Wednesday, April 27, 2016

CSOs, Others Divided Over Emoluments Of Article 71 Holders

Prez John Mahama

Representatives of civil society organisations, trade unions, civil servants, traditional and religious leaders at a forum in Tamale, have expressed strong but divergent opinions on the emoluments of Ghana’s Article 71 office holders who are paid far greater than the average Ghanaian civil servant.

While some thought that the salaries of Article 71 office holders were on the high side and for that matter should be slashed, others on the contrary thought that what such officials currently earned should be maintained and should never ever be adjusted in the next decade.

Some were also of the view that the status-quo should either be reviewed downwards to meet current economic challenges or it should be scrapped completely so that ‘reasonable salaries’ could be determined for all the Article 71 office holders currently at post and those who would be there in future.

Article 71 office holders include the president, the vice president, the speaker of parliament, the chief justice and justices of the Supreme Court. The rest are members of parliament, ministers of state, political appointees and other public servants with salaries charged to the consolidated fund but enjoying special constitutional privileges.

The Tamale forum was organised by the Presidential Committee on Emoluments (PCE) chaired by Professor Dora Francisca Edu-Buandoh. Other members of the Committee are Professor Kwamena Ahwoi, Dr. William Baah Boateng, Mrs. Norkor Duah and Mrs. Lydia Bawa.

The Committee was appointed by President John Dramani Mahama in accordance with Article 71 (1) of the 1992 Constitution, to determine the emoluments of Article 71 office holders. Trade Unionist Napoleon Kpoh is a Consultant assisting the committee, while Rudolf Kuuzegh is Secretary to the Committee.

Members of The PEC.
The current Article 71 office holders, Savannahnews gathers, earn between GH¢5,000.00 and GH¢20,000.00 a month. For instance, current ministers of state and parliamentarians earn between GH¢7,000.00 and GH¢10,000.00 a month.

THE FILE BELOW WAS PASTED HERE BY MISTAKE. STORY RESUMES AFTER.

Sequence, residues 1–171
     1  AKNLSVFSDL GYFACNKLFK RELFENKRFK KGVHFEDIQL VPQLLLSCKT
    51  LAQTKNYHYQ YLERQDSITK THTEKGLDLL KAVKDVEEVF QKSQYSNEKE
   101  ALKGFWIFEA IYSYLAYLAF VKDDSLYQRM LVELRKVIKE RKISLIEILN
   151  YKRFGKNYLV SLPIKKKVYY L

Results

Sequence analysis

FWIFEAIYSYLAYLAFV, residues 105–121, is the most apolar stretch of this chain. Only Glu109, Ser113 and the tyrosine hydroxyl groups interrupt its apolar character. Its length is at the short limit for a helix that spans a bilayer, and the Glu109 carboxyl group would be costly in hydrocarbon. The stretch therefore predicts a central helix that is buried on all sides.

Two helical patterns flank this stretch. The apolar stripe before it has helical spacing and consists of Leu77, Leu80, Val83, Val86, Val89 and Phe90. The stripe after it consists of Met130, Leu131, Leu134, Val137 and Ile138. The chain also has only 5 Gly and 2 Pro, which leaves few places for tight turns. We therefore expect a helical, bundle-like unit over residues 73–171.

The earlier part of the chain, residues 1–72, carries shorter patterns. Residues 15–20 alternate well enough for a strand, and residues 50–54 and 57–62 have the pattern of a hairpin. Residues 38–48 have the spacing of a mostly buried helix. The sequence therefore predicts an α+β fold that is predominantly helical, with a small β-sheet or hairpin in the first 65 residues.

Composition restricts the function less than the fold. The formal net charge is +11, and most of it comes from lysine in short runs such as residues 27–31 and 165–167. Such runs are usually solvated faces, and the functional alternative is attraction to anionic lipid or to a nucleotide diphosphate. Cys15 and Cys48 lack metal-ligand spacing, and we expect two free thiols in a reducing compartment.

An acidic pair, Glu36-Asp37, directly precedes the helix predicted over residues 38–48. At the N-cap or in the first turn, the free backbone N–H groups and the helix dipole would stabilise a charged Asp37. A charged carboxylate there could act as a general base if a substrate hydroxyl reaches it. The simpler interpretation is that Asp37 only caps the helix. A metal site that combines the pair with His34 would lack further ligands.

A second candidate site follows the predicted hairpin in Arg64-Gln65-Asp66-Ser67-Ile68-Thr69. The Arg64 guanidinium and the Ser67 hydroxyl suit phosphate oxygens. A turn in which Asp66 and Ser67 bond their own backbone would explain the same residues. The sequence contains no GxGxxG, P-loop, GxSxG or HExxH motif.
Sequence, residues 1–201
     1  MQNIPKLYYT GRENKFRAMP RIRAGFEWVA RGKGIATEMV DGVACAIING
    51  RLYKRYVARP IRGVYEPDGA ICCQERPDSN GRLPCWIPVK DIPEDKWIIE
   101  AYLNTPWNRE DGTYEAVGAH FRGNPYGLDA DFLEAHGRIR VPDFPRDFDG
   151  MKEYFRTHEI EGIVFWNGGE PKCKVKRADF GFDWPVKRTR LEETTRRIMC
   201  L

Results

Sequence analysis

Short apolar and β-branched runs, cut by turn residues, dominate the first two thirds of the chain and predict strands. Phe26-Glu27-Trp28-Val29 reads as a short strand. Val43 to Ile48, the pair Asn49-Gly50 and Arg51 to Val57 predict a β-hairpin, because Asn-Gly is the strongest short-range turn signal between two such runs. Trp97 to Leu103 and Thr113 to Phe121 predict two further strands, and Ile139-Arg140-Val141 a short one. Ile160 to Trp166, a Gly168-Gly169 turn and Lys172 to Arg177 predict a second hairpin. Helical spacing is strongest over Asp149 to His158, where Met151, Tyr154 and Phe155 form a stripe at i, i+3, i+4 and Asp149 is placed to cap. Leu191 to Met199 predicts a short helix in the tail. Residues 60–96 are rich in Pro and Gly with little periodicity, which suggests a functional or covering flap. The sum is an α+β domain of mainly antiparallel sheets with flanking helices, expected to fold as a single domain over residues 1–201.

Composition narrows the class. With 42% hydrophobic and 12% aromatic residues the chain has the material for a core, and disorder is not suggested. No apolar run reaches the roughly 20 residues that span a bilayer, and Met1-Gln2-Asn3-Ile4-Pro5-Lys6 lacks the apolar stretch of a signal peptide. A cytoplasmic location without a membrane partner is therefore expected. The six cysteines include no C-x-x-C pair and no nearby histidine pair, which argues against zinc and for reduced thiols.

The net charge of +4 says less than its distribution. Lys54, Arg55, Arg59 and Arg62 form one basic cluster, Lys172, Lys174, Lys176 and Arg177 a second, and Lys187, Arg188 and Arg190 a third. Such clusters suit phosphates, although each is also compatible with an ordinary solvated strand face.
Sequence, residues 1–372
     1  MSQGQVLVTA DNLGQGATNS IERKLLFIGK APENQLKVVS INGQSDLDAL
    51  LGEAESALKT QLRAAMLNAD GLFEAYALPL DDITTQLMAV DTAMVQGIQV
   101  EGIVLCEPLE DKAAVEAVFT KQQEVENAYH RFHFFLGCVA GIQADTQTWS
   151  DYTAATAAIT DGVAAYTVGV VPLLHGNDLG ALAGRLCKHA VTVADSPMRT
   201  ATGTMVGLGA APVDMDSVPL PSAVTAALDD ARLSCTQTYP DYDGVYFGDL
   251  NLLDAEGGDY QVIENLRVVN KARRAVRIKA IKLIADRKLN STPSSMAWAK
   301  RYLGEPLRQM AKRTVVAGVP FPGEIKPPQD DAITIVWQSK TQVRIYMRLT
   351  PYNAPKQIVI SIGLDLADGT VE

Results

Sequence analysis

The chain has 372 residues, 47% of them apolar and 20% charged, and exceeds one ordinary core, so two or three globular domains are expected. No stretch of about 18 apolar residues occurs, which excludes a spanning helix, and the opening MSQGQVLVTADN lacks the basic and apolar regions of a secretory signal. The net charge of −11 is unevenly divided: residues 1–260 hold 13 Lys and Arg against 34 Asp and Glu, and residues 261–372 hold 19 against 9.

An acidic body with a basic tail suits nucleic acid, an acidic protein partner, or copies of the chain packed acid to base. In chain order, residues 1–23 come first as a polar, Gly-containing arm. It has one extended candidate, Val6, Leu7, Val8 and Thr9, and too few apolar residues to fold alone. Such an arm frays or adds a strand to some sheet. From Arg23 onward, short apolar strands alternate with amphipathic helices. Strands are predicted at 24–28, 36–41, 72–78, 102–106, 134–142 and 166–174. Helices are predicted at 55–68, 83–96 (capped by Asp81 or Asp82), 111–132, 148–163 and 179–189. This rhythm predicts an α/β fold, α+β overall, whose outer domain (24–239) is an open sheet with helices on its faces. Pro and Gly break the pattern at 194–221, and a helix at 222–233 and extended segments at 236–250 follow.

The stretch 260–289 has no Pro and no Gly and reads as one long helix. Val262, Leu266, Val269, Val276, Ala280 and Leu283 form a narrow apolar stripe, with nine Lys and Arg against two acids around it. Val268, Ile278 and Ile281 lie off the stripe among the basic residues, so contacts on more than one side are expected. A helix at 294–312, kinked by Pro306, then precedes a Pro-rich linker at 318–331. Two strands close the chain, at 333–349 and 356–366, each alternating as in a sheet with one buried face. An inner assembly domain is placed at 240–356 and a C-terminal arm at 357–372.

These huge salaries of the Article 71 office holders is said to have accounted for the country’s huge wage bill (over 70 percent of revenue generated) being used to pay both civil servants and Article 71 office holders numbering around 500,000. 

But labour unions also argue that the huge wage bill is as a result of the huge salaries being paid to Article 71 members and other government appointees as well as ghost workers on government’s payroll. 

Moreover, most participants agreed that it would be costly for government to take up the salaries of drivers of parliamentarians. Thus, they insist parliamentarians should continue to pay for the services of their drivers since the vehicles they use are their personal property and not for the state. 

Meanwhile, the Northern Regional Minister Abdallah Abubakari commended the Committee for providing the opportunity for the general public and CSOs in the North to express their views, opinions and comments on the level of emoluments they believe, was deserving of Article 71 officer holders.

“The effort to consult widely on the issue is therefore most appropriate and timely and it demonstrates the commitment of government to seek a consensus on the matter rather than resorting to any unilateral position”, the minister said.

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